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Bulgaria Faces Uncertainty After Election Of Pro-Russia President

Bulgarian President Rosen Plevneliev (right) speaks with President-elect Rumen Radev during their meeting at the Bulgarian Presidency office in Sofia on November 14.

Bulgaria faces political uncertainty following the resignation of the country's prime minister after results showed his party losing badly in the country's presidential runoff.

Boiko Borisov's move early on November 14 came after official results showed pro-Moscow Socialist candidate Rumen Radev, a former air force commander with no political experience, winning the November 13 poll.

"We accept the will of the people and we congratulate those who have the support of the majority of the voters," said Borisov late on November 13 hours after polls closed.

Nearly complete election results announced early on November 14 showed Radev winning 59.4 percent of the vote, compared to 36.2 percent for the candidate of the ruling center-right GERB party, Tsetska Tsacheva.

GERB has dominated Bulgarian politics over the past decade. Borisov himself was reelected in 2014.

Radev called the result "a negative vote for the government that leads to a new political situation."

Radev won the first round of voting, held on November 6, with 25.44 percent, but failed to secure an overall majority.

Prime Minister Boiko Borisov announces his resignation.
Prime Minister Boiko Borisov announces his resignation.

Analysts said Radev was able to tap into anger among average Bulgarians over corruption among the country's political class.

He also called for tough measures to prevent an influx of migrants amid a wave of Euroskepticism across Central and Eastern Europe.

During his election campaign, the 53-year-old Radev called for better ties with Russia, potentially putting the Black Sea state at odds with its European Union and NATO allies.

Radev, who once studied at the U.S. Air War College in Alabama, has pledged to maintain Bulgaria's place in NATO but also has said "being pro-European doesn't mean being anti-Russian."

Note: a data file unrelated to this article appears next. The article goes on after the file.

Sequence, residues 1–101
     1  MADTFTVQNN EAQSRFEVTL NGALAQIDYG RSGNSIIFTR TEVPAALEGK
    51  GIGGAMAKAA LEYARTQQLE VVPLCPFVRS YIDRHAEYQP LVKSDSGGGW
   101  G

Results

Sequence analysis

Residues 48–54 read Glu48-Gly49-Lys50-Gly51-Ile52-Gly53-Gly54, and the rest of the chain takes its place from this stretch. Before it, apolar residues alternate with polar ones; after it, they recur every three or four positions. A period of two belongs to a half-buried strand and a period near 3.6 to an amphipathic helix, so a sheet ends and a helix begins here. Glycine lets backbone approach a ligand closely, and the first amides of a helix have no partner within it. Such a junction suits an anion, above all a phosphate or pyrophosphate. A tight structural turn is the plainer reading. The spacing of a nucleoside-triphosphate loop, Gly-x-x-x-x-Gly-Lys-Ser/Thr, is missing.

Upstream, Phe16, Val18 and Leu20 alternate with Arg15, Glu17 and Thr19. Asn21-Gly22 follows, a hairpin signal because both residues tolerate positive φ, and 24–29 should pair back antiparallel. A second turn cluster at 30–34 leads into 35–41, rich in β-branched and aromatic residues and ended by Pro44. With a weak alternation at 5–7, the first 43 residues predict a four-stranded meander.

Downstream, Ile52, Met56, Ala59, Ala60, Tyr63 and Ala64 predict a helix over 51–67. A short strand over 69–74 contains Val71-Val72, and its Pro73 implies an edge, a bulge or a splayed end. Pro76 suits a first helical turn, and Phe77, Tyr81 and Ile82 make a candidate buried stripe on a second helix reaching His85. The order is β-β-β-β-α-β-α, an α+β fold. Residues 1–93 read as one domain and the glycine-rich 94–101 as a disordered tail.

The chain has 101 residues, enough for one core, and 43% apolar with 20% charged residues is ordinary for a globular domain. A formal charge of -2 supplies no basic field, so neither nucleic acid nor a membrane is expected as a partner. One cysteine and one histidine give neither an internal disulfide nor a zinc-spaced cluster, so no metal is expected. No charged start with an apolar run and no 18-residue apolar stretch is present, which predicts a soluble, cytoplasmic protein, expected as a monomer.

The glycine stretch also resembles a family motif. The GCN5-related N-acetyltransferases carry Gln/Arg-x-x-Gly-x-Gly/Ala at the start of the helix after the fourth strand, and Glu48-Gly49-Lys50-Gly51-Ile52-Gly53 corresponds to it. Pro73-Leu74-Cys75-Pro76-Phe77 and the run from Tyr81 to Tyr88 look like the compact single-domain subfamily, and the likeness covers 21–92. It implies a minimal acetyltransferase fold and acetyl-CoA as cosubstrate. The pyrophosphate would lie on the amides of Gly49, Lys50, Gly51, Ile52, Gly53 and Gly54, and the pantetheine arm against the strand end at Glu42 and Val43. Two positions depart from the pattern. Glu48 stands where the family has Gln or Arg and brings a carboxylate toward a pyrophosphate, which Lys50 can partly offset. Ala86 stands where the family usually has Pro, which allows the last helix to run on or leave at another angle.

Nonetheless, Radev's calls to lift EU sanctions on Russia for the Kremlin's actions in Ukraine, including its support of separatists there and its illegal annexation of Crimea, have many analysts wondering whether Bulgaria will now move closer to Moscow.

'No Shortage Of Drama'

In his victory speech, Radev reiterated his support for scrapping the sanctions and also praised U.S. President-elect Donald Trump for "seeking more dialogue" with Russian President Vladimir Putin.

"It gives strong hope for a peaceful solution of the conflicts in Syria and in Ukraine, and reducing confrontation," Radev added.

"General Radev's victory represents the unfolding of a pro-Russian scenario in Bulgaria so that the country supports Russian interests in the EU and NATO," political analyst Antoniy Galabov told the AFP news agency.

Outgoing President Rosen Plevneliev, a vocal Kremlin critic, warned on November 13 that Russia was trying to "destabilize Europe" by financing anti-EU ultranationalists in eastern states like Bulgaria.

In nearby Moldova, a pro-Russia candidate declared victory in that country's presidential election, also on November 13. Igor Dodon has pledged to restore trade and political relations with Moscow, which became strained after Moldova signed a trade association agreement with the European Union.

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Despite promised reforms, graft and poverty still plague Bulgaria, the EU's poorest member state. At the same time, public anger has also grown over thousands of migrants currently stranded in in the country.

"Bulgaria needs a new face, someone who defends national interests instead of always saying 'Yes' to the European Union and the United States," businessman and Sofia resident Assen Dragov, 39, told AFP.

The Bulgarian president's role is largely ceremonial but the incumbent is nonetheless a respected figure and commander-in-chief of the armed forces.

Radev is due to take office on January 22 for a five-year term. His first job will likely be to call early elections this spring.

Political analyst Dimitar Bechev told AP that "there will be no shortage of drama in Bulgaria over the coming months, to be sure, but it will be driven by local forces, not the geopolitical contest between Russia and the West."

With reporting by AFP and AP
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